Rasa is an open source library for building conversational interfaces, most commonly called “chatbots”. Building a good chatbot is not an easy task and people at Rasa knows it, that’s why their library contains a lot of different components working together.

One of these components is the NLU (Natural Language Understanding) that resulted to be the best choice for a set of projects where I needed to build a model to do Named Entity Recognition. In this post I’d tell you some of the reasons I decided to go with Rasa.

Rasa has been built to create chatbots, so an important concept in this kind of tools is the “intent”. What the NLU tries to do is to distinguish between different “intentions” the user has when her inputs some text.

For example, if the user input is:

The desired intent can be called “greet”.

The desired intent can be called “order”.

As you can see, the intents mechanism works like a classification model where the input is the users text and the predicted intent is the output.


The way Rasa is built makes it very easy to add examples to train the NLU. You don’t need to be a programmer nor have technical expertise to help, with a good documentation almost everyone could be capable to contribute(*). This allows a cheaper and faster way to move your project forward.

(*) There are exceptions like adding regular expressions or things from external components.


The NLU training is made through several files located in the /data folder:

Let’s see an example:

- intent: check_balance
examples: |
- What's my [credit](account) balance?
- What's the balance on my [credit card account]{"entity":"account","value":"credit"}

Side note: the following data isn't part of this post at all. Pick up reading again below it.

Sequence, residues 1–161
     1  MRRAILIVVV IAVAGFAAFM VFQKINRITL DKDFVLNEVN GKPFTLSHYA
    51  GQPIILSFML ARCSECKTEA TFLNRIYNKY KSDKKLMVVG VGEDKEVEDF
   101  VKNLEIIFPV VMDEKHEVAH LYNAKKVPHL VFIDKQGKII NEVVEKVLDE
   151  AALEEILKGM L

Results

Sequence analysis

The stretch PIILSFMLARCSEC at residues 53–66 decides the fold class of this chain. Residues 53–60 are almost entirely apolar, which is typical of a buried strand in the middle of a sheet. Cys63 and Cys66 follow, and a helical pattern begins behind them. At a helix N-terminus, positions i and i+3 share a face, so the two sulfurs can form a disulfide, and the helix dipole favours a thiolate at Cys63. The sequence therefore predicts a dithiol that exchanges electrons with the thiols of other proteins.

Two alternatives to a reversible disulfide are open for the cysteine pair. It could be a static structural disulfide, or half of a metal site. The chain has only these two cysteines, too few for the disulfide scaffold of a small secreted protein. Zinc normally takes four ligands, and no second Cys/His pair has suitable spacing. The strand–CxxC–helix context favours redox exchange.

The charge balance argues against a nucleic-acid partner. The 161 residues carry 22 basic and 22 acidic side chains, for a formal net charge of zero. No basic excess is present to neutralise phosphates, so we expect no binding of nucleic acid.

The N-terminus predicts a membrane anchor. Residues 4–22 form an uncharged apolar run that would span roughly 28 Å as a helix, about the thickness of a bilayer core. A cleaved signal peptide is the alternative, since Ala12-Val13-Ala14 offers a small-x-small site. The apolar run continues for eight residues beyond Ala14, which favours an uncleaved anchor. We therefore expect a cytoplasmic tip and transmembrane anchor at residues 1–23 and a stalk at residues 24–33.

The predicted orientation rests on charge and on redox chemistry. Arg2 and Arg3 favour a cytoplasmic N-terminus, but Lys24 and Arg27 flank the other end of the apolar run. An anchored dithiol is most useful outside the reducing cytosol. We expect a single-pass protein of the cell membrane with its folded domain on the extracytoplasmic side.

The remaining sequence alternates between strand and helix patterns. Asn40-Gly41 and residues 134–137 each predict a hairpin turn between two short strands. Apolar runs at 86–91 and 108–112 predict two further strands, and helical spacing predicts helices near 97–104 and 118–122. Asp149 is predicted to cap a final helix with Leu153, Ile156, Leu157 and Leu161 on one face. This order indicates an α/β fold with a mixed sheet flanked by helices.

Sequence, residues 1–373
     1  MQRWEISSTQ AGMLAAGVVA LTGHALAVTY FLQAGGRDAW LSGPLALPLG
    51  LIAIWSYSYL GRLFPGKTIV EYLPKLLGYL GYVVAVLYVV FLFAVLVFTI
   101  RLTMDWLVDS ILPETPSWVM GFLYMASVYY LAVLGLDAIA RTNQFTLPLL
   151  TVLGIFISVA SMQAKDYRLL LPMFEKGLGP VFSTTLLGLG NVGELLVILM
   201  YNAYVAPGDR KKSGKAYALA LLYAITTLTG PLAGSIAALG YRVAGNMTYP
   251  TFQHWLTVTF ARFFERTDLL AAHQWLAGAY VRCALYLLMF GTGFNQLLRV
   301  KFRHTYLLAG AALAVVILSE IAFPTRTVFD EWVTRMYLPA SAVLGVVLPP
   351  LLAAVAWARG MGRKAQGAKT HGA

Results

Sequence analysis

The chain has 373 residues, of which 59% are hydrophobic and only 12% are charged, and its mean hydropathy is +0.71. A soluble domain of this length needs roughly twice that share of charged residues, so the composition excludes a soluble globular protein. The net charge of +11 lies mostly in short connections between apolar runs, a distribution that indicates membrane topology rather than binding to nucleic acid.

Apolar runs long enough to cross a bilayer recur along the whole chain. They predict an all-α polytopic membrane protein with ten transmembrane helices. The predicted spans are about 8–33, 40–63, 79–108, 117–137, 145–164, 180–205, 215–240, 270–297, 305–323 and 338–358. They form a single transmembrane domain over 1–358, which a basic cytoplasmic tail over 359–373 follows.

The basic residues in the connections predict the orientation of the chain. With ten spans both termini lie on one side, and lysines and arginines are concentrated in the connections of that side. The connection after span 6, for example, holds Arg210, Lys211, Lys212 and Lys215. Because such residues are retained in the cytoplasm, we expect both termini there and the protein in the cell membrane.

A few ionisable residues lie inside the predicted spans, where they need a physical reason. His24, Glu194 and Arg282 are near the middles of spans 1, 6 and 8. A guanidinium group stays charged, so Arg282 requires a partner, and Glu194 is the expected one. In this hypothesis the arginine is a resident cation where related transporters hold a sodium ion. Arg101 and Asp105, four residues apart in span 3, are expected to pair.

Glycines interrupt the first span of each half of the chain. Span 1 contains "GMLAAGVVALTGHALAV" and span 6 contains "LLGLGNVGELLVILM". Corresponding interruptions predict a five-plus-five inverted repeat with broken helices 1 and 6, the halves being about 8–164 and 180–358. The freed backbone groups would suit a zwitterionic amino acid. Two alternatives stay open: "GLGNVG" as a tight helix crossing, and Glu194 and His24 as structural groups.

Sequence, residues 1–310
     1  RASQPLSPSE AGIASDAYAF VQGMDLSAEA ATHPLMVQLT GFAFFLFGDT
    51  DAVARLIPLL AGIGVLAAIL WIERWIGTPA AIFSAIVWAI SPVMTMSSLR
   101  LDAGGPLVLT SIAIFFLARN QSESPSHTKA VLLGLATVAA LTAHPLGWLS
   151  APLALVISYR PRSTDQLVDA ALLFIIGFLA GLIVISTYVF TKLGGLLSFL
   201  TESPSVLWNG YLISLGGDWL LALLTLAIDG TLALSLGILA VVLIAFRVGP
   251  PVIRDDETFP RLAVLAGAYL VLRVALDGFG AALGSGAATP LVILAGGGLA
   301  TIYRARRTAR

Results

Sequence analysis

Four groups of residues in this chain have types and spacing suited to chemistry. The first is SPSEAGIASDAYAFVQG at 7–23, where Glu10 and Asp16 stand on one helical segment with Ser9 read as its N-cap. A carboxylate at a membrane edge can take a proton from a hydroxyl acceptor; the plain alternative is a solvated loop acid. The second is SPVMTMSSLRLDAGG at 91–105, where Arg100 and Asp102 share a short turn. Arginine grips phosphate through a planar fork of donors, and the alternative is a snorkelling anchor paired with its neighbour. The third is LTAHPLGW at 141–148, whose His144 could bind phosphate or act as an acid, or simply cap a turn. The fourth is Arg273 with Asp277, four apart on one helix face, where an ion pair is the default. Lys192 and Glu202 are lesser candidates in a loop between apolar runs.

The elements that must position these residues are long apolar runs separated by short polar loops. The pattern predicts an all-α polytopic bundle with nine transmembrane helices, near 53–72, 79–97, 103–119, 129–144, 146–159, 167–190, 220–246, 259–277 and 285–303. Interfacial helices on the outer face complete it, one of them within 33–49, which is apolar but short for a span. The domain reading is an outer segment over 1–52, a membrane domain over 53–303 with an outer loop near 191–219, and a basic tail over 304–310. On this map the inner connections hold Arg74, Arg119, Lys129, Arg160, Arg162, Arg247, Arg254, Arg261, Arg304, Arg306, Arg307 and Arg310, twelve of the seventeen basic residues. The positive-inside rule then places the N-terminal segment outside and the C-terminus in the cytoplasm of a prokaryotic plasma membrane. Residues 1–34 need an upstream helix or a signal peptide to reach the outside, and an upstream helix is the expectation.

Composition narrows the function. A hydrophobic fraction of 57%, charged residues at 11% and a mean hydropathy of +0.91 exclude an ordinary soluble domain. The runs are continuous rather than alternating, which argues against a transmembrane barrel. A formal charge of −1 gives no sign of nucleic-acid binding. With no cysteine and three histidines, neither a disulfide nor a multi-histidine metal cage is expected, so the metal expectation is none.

In the code above we can see that for the “check_balance” intent we want to extract the account entity type. The words/tokens “credit” and “credit card account” both refer to the same “account” entity type.

- synonym: credit
examples: |
- credit card account
- credit account

This way you can clearly tell the NLU to consider “credit card account” and “credit account” as synonyms to “credit”.

Then we can train the nlu with this command:

rasa train nlu


In order to use this NLU component you need to run the service this way:

rasa run --enable-api -m models/CURRENTMODEL.tar.gz

Once the service is up and running we can make requests:

curl SERVER_IP:SERVER_PORT/model/parse -d '{"text": "SENTENCE"}'

Beautiful, we don’t need to build a custom API, we already have the service ready to use as it is.


rasa test nlu --config config.yml --nlu data/ --cross-validation

This command takes the “config.yml” file, where you can customize the pipeline with all the components and uses all the training files in the /data folder to evaluate the NLU model and generate the performance results. You don’t need to split the data into training and test sets, that’s done automatically by using the –cross-validation parameter.

The beauty of this is that it automatically generates files with all the metrics (f-score, precision, recall) for each entity type. It’s amazing the amount of time this can save you.


Adding components to the pipeline is really simple and transparent. Each component is represented by an independent Python script so you don’t have integration problems.

For example the Duckling component, an open source library developed by Facebook which allows you to extract time, date, number, duration and other features from text is easily integrated to Rasa by adding the following lines to the config.yml file:- name: "DucklingHTTPExtractor"
url: ""
locale: "en_GB"
dimensions: ["time", "amount-of-money", "duration", "ordinal", "number"]


These are some of the features that made me decide for Rasa for my last named entity recognition related projects. I encourage you to try it for yourself.


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